Small businesses are the backbone of the U.S. economy and crucial to the nation’s economic recovery, but they have been severely impacted by the COVID-19 pandemic and the accompanying economic downturn. They face many challenges such as adhering to government regulations, developing a strong customer base, and hiring new employees. Small businesses have had to navigate numerous problems during the pandemic including accessing capital, managing stay at home orders, retaining employees, and maintaining a customer base while also reaching new clients. Research finds that between 1.4 million and 2.1 million U.S. small businesses could permanently close as a result of the pandemic.
The federal government has a key role to play in supporting small businesses, beginning with its own procurement of goods and services. The federal government procures goods and services from businesses across the nation. Small businesses face different challenges than large businesses throughout the process. In the American Jobs Plan, the Biden Administration is proposing to use the federal procurement process to help small businesses recover and create more jobs in local communities. Increasing access for small businesses to federal contract opportunities and removing unnecessary and complicated barriers is an important part of supporting their recovery.
Small Business Contracting
For many small businesses, government contracts and subcontracts are key to their operations and success. However, the federal procurement process has grown to be more taxing and burdensome at a time when small business owners are struggling in the face of additional challenges. Small businesses often do not have the resources to compete at the same level that larger businesses do. Small business owners can spend hundreds of hours and tens of thousands of dollars completing applications only to be left empty-handed at the end of a long and expensive process. The process as it exists today disadvantages small businesses at a time when they need support more than ever.
The General Services Administration (GSA) manages the procurement process for the federal government. The current procurement system is based on two laws: the Armed Services Procurement Act of 1947 and the Federal Property and Administrative Services Act of 1949. Today, the Federal Acquisition Regulation (FAR) is the official set of regulations used by all federal agencies to make purchases and pursue government contracts. The Competition in Contracting Act (CICA) of 1984 started the government contract bidding process.
Additionally, the Small Business Administration (SBA) helps small businesses with opportunities such as certain federal contracting programs. The federal government has also implemented small business goals for federal agencies, namely that 23 percent of federal procurement dollars must be allocated to small businesses.
The White House has introduced new federal procurement procedures in the American Jobs Plan that would help increase small businesses participation in the federal procurement process, specifically for infrastructure opportunities. The number of small businesses participating in federal contracts has declined significantly over the past decade. Notably, there has been a 38% decline in the number of small businesses participating as federal contractors for common products and services from 2010 to 2019. Simplifying and improving the Request for Proposal (RFP) process and requirements would create more transparency in the bidding process, strengthen accountability of prime contractors in their use of small business as subcontractors, and create an environment that would allow small businesses to thrive.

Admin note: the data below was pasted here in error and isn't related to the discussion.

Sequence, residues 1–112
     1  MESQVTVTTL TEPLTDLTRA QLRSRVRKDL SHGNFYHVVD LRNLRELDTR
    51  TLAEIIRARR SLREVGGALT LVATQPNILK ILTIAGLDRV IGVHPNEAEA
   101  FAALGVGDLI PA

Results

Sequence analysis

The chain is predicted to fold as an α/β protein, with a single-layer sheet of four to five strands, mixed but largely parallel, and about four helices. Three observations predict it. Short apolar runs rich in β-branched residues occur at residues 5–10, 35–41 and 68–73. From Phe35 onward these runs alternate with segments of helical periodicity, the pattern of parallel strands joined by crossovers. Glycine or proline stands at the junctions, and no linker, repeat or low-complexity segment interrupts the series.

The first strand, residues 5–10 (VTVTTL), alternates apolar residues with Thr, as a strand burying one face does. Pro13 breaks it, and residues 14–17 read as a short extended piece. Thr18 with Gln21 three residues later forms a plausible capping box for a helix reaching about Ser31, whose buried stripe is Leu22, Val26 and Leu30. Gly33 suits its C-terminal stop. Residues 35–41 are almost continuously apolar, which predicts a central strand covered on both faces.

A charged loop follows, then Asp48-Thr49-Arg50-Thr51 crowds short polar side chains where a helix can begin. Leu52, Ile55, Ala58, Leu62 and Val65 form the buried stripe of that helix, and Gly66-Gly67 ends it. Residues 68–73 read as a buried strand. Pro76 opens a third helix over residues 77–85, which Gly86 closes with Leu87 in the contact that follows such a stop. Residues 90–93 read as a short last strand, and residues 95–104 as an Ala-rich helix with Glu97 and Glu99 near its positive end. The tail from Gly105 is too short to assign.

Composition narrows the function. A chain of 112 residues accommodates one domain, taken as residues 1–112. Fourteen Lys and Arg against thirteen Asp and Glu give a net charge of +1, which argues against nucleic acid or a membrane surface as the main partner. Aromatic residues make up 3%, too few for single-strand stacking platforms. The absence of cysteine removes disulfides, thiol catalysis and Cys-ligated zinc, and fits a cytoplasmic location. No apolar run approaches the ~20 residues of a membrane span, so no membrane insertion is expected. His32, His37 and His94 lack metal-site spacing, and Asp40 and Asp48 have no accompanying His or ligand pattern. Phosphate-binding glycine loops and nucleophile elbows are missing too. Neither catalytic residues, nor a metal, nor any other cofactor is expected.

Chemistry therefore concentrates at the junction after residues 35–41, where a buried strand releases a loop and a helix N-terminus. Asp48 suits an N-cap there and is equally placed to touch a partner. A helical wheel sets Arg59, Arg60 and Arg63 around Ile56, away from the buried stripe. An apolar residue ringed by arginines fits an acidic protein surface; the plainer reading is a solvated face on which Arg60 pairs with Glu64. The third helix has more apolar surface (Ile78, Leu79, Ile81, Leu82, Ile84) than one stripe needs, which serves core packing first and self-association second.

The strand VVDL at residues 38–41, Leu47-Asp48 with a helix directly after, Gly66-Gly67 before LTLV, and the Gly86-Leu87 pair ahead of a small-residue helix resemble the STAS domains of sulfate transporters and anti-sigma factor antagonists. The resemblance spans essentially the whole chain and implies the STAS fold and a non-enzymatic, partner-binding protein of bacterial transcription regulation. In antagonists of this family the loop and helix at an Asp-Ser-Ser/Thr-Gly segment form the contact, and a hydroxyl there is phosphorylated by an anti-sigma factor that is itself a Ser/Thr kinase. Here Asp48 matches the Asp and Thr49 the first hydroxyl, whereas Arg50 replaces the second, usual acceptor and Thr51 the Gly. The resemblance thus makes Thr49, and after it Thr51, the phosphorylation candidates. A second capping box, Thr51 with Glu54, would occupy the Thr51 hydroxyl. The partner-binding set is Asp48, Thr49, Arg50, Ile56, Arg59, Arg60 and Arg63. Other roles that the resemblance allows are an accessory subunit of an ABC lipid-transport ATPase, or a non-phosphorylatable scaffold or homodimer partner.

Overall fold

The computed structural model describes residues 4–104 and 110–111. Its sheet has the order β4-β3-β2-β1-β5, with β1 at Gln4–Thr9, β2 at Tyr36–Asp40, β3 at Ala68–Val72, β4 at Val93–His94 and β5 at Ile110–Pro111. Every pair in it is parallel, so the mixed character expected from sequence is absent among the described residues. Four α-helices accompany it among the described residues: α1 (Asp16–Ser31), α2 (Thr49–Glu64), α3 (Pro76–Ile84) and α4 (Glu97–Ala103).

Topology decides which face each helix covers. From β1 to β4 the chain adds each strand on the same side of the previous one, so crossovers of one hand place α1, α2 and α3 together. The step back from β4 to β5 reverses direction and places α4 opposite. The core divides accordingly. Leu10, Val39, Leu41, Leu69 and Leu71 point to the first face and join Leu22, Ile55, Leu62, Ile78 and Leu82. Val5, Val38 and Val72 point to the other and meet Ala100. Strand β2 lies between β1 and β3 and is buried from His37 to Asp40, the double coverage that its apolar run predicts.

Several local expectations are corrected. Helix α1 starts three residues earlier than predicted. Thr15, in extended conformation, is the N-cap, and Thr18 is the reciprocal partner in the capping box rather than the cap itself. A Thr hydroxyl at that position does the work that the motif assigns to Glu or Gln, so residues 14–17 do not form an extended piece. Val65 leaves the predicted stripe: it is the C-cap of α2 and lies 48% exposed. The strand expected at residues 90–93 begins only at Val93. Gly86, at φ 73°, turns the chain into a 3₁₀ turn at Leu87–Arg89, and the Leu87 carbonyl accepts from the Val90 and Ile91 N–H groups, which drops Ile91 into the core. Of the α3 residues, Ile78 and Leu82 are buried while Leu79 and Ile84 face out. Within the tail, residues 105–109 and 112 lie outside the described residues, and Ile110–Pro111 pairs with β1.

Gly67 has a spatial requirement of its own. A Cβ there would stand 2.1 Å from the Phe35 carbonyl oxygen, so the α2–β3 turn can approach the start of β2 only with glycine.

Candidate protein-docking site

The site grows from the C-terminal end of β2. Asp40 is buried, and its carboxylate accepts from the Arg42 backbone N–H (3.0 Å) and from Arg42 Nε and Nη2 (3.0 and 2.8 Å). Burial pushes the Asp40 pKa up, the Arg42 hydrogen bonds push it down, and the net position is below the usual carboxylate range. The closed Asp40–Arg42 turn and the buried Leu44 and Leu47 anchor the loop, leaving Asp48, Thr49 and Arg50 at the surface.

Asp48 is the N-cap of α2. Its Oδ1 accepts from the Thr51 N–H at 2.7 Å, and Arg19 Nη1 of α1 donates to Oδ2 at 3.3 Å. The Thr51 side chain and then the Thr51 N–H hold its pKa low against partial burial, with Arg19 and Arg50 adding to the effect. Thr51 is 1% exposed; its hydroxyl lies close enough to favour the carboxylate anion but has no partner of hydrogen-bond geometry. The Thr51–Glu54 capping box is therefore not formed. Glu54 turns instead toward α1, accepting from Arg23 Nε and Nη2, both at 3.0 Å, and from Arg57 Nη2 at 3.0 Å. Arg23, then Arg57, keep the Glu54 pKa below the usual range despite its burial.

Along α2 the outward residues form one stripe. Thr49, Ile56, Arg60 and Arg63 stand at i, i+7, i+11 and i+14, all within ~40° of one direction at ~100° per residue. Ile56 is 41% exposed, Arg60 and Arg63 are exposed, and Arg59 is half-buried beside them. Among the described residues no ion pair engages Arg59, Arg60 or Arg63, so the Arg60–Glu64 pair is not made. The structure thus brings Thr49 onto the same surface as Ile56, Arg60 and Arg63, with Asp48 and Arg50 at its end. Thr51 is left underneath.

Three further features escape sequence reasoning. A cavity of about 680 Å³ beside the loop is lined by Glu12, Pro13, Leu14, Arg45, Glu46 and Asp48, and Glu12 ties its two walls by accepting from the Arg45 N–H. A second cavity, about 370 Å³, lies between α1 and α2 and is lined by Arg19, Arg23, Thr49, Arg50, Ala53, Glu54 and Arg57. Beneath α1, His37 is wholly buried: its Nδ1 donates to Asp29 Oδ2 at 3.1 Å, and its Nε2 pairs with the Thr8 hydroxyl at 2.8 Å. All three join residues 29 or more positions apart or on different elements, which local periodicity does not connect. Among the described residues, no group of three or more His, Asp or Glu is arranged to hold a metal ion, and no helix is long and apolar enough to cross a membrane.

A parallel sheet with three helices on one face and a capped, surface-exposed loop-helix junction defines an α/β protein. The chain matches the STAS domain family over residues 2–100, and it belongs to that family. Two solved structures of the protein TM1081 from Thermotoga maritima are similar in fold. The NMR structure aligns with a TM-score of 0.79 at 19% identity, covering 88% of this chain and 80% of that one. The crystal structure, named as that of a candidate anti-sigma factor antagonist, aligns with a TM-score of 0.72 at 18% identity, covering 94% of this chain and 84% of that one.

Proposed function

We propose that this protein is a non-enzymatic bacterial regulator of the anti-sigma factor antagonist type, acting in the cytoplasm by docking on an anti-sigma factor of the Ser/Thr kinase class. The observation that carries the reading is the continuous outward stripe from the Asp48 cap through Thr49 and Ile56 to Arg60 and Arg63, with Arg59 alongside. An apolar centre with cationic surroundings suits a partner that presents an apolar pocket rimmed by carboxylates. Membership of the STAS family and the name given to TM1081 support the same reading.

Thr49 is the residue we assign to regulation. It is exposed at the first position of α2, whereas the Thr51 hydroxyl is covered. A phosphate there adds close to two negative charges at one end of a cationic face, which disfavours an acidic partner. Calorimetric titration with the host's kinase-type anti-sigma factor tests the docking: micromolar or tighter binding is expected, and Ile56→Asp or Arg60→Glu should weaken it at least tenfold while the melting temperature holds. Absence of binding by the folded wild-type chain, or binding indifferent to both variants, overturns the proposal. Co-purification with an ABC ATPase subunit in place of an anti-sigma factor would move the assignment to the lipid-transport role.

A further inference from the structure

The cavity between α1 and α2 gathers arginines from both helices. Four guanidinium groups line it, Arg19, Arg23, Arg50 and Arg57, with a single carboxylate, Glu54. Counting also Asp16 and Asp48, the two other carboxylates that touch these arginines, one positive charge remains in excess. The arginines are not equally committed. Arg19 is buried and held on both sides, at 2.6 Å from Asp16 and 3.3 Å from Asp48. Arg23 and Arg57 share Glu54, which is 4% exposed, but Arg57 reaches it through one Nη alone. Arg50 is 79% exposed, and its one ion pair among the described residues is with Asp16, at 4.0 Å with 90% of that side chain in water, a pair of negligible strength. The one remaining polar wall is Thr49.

88% of small business owners support Congress making changes to the federal procurement process to ensure small businesses are able to receive more federal contracts. Helping small businesses recover and create jobs by improving the federal procurement process will support communities across the country and the economic recovery more broadly. Congress and the Administration, through components of the American Jobs Plan and other efforts, have the opportunity to make the federal procurement process more equitable for small businesses and more effective for government contractors.
According to a June 2021 10,000 Small Businesses Voices survey:
- When asked why they have not applied for federal contracts, small business owners that have applied for state or local government contracts cited these reasons:
- 54%: the federal procurement process is too time-consuming
- 42%: insufficient information on federal contract opportunities
- 42%: the federal procurement process is too complicated
- 41%: small businesses are not adequately prioritized so securing a federal contract seems unlikely
- 31%: the federal procurement process is too expensive
Links to Other Resources
- Bipartisan Policy Center – Fact Sheet: Small Business Procurement
- Congressional Research Service – Overview of the Federal Procurement Process and Resources
- GMP – What is Government Procurement?
- McKinsey & Company – COVID-19: Implications for business
- U.S. Senate Committee on Small Business and Entrepreneurship – Cardin Presses SBA on Steep Decline in Small Businesses Receiving Federal Contracts
- The White House – President Biden to Sign Executive Order Strengthening Buy American Provisions, Ensuring Future of America is Made in America by All of America’s Workers
- The White House – The Office of Federal Procurement Policy